NEW YORK (March 1, 2012)–Last Sunday morning in Brooklyn, Pastor A.R. Bernard of New York’s Christian Cultural Center was in his usual fine form as he launched what could be a new series on leadership.

For those of us moving out of young adulthood into the terrain of middle age (although not as slowly as we might wish!), we were reminded by the African-American spiritual leader that “leadership is not about how far you advance but how far you advance others.”

It was a revealing message for many who battle for survival in today’s dog-eat-dog world, sometimes forgetting that true happiness comes when we love, a higher form of love that benefits others at the expense of self.

The scriptures teach us: “A good man leaves an inheritance to his children’s children,” so leadership is clearly about serving people–even a generation of people you may never see. Greatness is determined by the degree to which we serve.

The late Rev. Edwin Louis Cole contended that leaders are qualified to lead to the degree they are willing to serve. He asserted leaders can never stop serving, for when they do, they will no longer be qualified to lead.

Serving is ministry. Learning to minister, serving capably and well, work for the benefit of others–this is the quality that defines a leader.

Jesus Christ took a towel and washed his disciples’ feet, demonstrating that leadership also entails service of the most menial kind.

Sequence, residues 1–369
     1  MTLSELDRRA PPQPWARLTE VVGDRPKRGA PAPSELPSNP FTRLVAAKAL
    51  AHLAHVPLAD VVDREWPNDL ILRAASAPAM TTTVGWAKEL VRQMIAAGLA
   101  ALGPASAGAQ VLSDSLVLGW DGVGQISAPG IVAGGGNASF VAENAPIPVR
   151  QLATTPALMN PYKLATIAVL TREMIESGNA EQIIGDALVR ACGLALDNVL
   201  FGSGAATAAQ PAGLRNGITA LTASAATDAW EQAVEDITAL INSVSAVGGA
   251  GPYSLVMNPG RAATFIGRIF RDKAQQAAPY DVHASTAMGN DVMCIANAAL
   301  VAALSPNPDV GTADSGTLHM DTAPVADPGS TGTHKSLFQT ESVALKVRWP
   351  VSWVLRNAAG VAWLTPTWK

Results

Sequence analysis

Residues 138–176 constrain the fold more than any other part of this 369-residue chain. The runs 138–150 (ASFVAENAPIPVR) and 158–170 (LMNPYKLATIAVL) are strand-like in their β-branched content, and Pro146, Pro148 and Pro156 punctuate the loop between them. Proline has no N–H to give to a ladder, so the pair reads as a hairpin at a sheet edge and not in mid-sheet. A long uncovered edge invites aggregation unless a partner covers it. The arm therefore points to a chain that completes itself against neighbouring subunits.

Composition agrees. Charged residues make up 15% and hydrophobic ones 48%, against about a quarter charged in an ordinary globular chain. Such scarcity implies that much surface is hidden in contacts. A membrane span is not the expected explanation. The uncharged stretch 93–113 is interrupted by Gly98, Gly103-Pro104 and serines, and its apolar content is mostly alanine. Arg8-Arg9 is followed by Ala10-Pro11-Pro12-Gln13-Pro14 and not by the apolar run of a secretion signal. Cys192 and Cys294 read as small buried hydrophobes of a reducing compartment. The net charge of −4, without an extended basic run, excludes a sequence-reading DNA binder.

Bernard, who was honored last week by Brooklyn Borough President Marty Markowitz on the occasion of Black History Month, reminded us from the pulpit that everything rises and falls in leadership and good leaders adapt, and adjust quickly to change. Change is inevitable.

“The quicker you adapt and adjust to change, the more successful you will be,” he said, adding that whiners and complainers often get stuck.

Leadership is about being solution-oriented, he counseled. While there should always be time to reflect, he cautioned, it should not be at the expense of solving problems.

Leaders have to be focused, he stressed, since distraction will “undermine our success and rob us from opportunities, keeping us from moving to the next level of life–in ministry and in business. We will not get where we need to go if we are not focused.”

So as we close out the week and prepare for another, let’s be intentional and methodical. Let’s establish a clear vision and mission. Inspire and be self-motivated. Be organized and, for those of us who are in leadership positions, direct, delegate and serve. And serve some more. Effective leadership is about taking people in a clearly defined direction–a direction that enables real growth in all areas.

Hearty thanks to Bernard for reminding us the path to effective leadership is paved with service–lots of it.